Once you've decided that you'd like to purchase a new home, you might want to start cutting costs at home as saving for a down payment becomes a priority. The benchmark for a down payment is 20% of the home's purchase price. This can be a little intimidating, but the best way to save for your down payment is to make a careful plan and stick with it! We're here to help.
You can choose whether an open or closed mortgage is right for you and choose between fixed or variable rates first, to better understand your down payment saving requirements. In either case, though, the more you put forward as a down payment, the cheaper the mortgage insurance will be and the lower your monthly mortgage payments.
The 20% down payment rule is just the beginning. Don't forget that you'll also need to pay for a variety of closing costs that average between 1.5 and 4% of the sales price. Therefore, aim to save roughly 24% of the sale price for your initial upfront costs (that includes the down payment).
Below is a list of some of the other expenses you should save for when buying a new home.
- Mortgage insurance
- Home inspection fee
- Land transfer tax
- Legal fees
- Appraisal fee
- Property insurance
- Prepaid utility costs
- Prepaid property taxes
Keep in mind that when you purchase a new home in Alberta, it will come with a new home warranty so you won't have to worry about that!
The easiest way to save for your down payment is to make a time plan. Calculate how much you think you can save in an entire year and then make that the foundation for your decisions.
If your dream home costs $100,000 then your ideal down payment will be $20,000 plus an additional 4% ($4,000) in upfront costs for a total of around $24,000. Divide this into monthly allotments and you can see that you'll have to put aside $2,000 a month in order to save $24,000 in a single year.
If your monthly savings goals are more modest, you may have to extend the total time period needed to save for your down payment. Having a working budget is a great way to allocate your resources in the best manner and stay on top of tracking your spending so that you reliably continue to save for your new home.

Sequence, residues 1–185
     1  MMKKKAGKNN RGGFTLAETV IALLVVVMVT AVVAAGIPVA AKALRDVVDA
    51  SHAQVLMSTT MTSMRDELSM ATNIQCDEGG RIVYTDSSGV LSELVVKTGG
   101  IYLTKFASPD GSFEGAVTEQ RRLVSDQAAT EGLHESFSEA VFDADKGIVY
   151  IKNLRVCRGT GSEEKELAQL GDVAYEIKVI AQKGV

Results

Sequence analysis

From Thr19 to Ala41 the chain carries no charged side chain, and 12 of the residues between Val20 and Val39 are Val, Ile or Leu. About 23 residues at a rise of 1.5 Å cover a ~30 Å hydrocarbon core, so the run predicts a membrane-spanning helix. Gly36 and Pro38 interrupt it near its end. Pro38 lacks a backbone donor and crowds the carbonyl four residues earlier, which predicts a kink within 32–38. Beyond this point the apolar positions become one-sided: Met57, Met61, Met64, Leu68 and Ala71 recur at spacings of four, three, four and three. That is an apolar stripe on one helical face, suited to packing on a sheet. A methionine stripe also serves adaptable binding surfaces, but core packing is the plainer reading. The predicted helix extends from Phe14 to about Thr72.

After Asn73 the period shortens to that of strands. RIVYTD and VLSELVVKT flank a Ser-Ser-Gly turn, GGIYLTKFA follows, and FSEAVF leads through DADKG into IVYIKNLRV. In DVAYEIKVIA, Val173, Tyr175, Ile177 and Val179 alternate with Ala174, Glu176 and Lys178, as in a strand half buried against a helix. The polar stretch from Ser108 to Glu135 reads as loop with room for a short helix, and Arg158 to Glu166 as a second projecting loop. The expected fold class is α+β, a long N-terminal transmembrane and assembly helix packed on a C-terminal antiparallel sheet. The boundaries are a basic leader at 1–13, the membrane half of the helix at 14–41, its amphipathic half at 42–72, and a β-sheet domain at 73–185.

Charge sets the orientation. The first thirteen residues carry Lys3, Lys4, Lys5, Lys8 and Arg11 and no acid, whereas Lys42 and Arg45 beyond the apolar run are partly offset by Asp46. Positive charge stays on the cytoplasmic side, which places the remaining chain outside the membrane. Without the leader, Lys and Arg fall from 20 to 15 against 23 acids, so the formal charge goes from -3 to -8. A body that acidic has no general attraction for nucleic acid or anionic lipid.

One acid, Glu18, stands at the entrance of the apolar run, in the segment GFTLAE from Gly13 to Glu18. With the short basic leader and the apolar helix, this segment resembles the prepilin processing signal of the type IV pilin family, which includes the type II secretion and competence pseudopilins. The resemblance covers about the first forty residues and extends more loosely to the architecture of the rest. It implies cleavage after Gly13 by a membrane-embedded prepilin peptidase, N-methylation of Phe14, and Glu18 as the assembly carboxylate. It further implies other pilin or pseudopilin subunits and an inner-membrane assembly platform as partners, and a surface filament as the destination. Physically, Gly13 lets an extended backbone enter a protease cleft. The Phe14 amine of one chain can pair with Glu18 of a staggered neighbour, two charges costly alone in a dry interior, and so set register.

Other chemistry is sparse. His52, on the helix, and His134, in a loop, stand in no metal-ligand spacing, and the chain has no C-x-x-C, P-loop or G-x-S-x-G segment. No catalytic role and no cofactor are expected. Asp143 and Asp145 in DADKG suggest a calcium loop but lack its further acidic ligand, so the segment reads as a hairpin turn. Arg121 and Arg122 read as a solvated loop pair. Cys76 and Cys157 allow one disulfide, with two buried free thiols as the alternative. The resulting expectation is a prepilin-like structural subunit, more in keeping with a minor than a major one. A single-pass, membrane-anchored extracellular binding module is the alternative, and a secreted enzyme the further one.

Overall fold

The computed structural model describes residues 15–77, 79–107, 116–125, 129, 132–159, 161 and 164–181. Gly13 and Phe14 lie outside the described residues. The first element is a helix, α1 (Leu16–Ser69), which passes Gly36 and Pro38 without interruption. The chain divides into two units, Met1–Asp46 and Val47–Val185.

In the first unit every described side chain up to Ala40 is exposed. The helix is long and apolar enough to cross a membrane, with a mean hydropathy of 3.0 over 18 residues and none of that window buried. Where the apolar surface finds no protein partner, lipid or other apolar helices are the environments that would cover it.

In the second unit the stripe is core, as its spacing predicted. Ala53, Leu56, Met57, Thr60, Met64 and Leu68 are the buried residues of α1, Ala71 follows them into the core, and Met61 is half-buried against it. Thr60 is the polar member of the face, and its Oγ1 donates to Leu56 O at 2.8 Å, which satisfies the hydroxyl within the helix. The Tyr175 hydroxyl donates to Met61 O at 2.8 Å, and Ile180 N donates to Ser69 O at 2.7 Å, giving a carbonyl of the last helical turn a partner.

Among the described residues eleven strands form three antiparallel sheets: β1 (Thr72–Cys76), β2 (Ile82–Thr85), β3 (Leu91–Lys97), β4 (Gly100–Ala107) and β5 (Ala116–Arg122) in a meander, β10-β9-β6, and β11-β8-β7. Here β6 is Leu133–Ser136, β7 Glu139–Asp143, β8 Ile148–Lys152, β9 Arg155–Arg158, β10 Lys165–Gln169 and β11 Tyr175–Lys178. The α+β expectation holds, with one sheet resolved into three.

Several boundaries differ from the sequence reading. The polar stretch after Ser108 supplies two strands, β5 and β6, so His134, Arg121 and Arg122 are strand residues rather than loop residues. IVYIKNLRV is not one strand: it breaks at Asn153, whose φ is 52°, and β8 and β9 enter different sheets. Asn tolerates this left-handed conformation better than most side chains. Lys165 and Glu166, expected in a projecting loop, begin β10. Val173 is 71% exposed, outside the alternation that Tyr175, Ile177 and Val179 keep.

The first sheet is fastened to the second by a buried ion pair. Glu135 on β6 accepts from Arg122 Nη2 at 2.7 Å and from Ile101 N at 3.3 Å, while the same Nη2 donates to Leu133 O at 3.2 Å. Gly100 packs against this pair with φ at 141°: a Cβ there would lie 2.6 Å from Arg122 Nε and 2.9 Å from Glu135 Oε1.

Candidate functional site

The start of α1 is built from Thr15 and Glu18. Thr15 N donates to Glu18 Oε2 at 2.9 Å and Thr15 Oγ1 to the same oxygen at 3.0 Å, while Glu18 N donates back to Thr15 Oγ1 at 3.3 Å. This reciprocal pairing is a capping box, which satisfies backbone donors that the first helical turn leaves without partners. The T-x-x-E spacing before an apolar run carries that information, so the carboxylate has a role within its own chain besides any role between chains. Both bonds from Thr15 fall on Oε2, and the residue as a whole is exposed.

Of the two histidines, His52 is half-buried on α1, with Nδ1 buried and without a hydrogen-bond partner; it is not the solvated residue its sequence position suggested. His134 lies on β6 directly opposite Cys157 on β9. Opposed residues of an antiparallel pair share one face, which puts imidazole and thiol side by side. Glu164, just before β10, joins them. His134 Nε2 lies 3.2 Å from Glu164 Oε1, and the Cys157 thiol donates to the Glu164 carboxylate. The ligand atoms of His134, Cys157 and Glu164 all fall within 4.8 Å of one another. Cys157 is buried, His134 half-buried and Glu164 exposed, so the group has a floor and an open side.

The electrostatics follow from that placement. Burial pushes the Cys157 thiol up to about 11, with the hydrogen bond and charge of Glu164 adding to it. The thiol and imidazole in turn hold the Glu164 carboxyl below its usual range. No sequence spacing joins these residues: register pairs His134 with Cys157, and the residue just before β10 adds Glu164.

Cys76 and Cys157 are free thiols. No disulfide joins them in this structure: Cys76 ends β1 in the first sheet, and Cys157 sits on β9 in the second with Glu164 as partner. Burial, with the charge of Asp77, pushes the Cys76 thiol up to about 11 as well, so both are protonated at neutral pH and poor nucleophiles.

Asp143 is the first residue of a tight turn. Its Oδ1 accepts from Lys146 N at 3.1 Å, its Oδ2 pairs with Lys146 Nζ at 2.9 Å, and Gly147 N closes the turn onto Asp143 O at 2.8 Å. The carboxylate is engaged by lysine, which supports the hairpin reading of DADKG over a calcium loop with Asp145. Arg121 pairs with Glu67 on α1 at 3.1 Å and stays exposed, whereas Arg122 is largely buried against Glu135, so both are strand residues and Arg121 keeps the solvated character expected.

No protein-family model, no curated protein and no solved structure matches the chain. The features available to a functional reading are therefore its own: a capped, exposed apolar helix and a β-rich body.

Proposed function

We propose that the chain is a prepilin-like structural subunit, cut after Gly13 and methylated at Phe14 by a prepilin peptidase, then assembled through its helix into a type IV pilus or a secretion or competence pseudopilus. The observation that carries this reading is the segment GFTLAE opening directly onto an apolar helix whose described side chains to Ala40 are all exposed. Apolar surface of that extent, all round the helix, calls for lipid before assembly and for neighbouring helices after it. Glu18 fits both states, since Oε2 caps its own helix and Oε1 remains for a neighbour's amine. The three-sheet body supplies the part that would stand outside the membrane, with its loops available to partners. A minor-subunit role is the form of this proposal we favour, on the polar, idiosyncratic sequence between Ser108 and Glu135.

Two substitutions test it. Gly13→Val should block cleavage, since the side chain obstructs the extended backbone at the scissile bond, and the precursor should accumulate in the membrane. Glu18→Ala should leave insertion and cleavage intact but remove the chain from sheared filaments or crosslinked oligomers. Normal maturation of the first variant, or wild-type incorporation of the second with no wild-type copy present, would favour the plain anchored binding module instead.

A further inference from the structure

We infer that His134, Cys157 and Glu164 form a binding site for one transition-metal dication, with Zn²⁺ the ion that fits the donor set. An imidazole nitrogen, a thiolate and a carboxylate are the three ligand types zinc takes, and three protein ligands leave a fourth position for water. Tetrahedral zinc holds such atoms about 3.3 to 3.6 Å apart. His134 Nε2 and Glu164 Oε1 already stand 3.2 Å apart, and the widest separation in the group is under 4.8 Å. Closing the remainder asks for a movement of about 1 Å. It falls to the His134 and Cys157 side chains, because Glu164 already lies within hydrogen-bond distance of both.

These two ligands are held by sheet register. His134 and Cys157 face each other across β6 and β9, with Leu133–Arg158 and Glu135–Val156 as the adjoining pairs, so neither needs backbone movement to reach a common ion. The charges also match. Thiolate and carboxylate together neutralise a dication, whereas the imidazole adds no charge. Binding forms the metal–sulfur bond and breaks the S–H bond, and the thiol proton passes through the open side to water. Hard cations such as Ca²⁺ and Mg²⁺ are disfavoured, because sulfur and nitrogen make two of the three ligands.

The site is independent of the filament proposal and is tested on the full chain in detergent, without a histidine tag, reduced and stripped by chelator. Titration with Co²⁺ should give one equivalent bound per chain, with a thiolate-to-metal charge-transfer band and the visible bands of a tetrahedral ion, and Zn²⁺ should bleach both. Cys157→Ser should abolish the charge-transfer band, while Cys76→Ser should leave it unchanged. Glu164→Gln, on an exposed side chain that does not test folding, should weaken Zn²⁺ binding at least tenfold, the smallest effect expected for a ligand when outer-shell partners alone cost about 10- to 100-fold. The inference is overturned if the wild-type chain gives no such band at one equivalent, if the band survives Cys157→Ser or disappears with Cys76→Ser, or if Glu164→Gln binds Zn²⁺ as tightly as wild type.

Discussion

Look Into Your Options
The good news is that you can draw upon a variety of different resources in order to save for your down payment.
Accounts like GICs or high-interest savings account are a great place to store your money until you need it.
Home Buyers' Plan
First-time buyers can withdraw up to $25,000 from their RRSP with no penalty. Add in a spouse or common-law partner (who is also a first-time buyer) and you can borrow up to $50,000.
Remember that you'll need to start making payments on this loan beginning two years after the purchase of your new home (you'll have 15 years to complete the payments).
If you aren't a first time home buyer, there are other options for you, too. Consider the ways your current home equity can help you get a new home.
As many as 40% of all first-time home buyers receive financial support from their parents and relatives.
Whether it's winning the lottery, doing freelance work, odd jobs, bonus pay cheques, or any other kind of unexpected income, be sure to put this towards your down payment fund.
Make a careful savings plan and be sure to target 20% of the sales price as your down payment in order to get the most affordable monthly payments possible. A careful plan and budgeting for all the necessary fees and down payment costs is the best way to make sure that you can live in and safely afford the home of your dreams.